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Amritsar, India

  • (worth a trip)
  • 3-5 km
  • Easy
  • Average
  • 2-3 days
  • 3 3

The hub of Sikhism and one of the most famous weekend destinations in North India

Amritsar Punjab
Amritsar is famous for its culinary delights, When here, you must try the Amritsari Naan, Kulcha, Amritsari Fish, Firnis, and of course Lassi. Try the kulcha at Brother’s Dhaba at Town hall Road, paratha thalis and firni at Kesar da Dhaba, and a proper dining experience at Thai Chi – arguably the city’s best fine dining restaurant.
Before you enter the holy complex of Darbar Sahib (Golden temple), remove your shoes and socks and deposit at the windows near the entrance. Wash your hands if you have used your hands to take off your shoes. Just before you enter the complex, you will see buckets and baskets full of colourful scarves. Use one to cover your head or buy one at one of the shops outside the temple complex. Do not dangle your feet in the holy water and if you must sit beside the tank, sit cross-legged. No camera are allowed inside the main temple but only on the walkways surrounding the tank.

Amritsar, founded in 1577 by the fourth guru of Sikhs, Ram Das, is a city in the state of Punjab in North India, around 465 m from the capital city of India. The city is most famous as the home to the magnificent Golden Temple and also as a witness to the brutal Jallianwala Bagh Massacre.


The city is divided in two parts with a railway track dissecting them. Old City is home to the famous Golden Temple and other historical sites and is fenced by 12 barbaric posterns, and lies to the south of the tracks. The ‘old city’ is the epicentre of all major tourist activities. Also, it is here that you will find the bright and bustling bazaars of Amritsar and popular food joints.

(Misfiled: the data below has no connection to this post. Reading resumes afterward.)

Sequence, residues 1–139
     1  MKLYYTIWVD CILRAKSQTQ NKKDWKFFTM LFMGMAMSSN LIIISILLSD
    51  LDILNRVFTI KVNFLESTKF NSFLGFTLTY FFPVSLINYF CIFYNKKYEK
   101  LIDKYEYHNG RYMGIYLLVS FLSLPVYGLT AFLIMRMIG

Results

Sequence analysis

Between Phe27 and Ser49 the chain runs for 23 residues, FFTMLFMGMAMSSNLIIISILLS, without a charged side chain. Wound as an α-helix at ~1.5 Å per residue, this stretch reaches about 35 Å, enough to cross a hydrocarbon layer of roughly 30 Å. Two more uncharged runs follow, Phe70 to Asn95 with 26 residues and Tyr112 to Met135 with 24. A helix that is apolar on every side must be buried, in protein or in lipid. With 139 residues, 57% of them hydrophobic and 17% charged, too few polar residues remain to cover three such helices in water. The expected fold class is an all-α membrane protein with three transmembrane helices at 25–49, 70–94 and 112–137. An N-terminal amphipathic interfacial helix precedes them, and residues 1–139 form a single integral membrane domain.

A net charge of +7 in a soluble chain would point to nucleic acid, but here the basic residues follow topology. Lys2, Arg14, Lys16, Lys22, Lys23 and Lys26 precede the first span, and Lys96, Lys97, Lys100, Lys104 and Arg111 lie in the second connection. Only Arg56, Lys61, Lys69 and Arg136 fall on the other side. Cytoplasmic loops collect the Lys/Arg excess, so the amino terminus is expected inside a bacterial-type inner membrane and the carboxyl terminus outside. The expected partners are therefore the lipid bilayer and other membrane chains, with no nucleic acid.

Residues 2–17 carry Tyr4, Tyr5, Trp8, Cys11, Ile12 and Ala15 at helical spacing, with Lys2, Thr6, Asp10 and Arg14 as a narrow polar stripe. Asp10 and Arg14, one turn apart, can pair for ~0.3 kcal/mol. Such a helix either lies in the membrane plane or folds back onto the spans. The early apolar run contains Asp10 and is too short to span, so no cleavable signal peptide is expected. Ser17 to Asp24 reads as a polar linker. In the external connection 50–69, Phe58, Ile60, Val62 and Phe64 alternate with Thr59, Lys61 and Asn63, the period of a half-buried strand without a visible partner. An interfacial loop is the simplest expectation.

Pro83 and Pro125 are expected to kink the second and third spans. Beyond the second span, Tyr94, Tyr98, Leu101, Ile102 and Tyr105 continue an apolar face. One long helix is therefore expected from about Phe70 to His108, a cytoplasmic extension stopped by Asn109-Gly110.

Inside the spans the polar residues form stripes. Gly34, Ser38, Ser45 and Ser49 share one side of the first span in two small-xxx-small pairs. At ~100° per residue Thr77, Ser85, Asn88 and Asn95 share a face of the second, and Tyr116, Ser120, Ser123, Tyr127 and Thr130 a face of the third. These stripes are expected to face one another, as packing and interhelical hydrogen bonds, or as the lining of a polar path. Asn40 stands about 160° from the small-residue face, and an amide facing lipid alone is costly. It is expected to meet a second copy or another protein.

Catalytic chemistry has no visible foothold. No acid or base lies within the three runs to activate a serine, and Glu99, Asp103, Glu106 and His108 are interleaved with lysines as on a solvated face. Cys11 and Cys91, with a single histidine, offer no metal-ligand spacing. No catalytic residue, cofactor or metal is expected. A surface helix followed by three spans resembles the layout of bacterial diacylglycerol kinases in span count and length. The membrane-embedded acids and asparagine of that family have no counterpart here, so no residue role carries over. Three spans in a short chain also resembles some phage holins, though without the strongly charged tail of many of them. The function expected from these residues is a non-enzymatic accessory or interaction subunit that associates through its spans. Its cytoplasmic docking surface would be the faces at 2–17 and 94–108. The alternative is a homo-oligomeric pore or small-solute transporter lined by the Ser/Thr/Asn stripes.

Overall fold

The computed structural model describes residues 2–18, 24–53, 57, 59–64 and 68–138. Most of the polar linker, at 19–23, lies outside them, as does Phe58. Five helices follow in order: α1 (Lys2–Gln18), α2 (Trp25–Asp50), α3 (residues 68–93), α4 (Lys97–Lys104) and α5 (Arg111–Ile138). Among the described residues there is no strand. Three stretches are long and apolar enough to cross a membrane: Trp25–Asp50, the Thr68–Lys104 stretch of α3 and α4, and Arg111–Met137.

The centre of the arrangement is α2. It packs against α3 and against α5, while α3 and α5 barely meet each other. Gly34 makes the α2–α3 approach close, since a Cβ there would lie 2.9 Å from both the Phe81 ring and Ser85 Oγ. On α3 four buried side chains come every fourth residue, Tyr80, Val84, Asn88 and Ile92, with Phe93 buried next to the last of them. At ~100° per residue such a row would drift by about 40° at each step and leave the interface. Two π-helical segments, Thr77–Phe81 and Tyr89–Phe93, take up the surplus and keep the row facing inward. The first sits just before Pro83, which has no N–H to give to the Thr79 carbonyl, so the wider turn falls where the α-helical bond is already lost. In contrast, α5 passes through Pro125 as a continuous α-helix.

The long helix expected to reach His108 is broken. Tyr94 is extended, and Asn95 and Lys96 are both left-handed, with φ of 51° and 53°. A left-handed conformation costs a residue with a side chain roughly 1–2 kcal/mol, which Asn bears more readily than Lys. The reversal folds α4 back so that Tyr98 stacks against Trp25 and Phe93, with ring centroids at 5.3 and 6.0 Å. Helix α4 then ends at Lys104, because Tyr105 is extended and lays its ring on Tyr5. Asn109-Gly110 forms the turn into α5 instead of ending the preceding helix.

The north of the railway lines is known as the ‘modern’ Amritsar which is a more commercial area with malls and upmarket hotels and restaurants. This also makes the area and roads congested as compared to the ‘old city’ and thus isn’t that popular amongst tourists.


Let’s now explore some of the most popular tourist attractions of the city:

    • Golden Temple (dawn to 10:00 P.M approx.)- Golden Temple is only a small portion of a huge Gurudwara (Sikhs’ place of worship) complex popularly known as Darbar Sahib. It is also Sikhism’s holiest shrine and the primary point of interest in all itineraries including a visit to this city. Apart from the Golden temple edifice, the main attraction within the complex is the water tank known as the Amrit Sarovar meaning the pool of Nectar. The tank is also famous because it is believed that the city derives its name from it. Spiritually, it is believed that holy water in the tank has magical healing powers which is why a trip to the shrine is incomplete without a dip in it. The central shrine itself is a spectacular example of fine Hindu and Muslim style of architecture with the a marbled lower lever which showcases intricate motifs and patterns carved into them and the upper level which is covered with sheets of gold (hence the name Golden Temple). Inside, priests and musicians keep the atmosphere soothing by their continuous chants of verses and poems from their holy book ‘Guru Granth Sahib’. There are several smaller shrines and podiums around the complex which hold different gurus and priests of importance to the Sikh religion. At the south east end of the complex is the Guru-ka-langar, a huge dining room, where believers and pilgrims from all around the country, who have come to visit, sit together on the floor and eat after offering their prayers to the temple. There is no fee for it, however, a small donation goes a long way.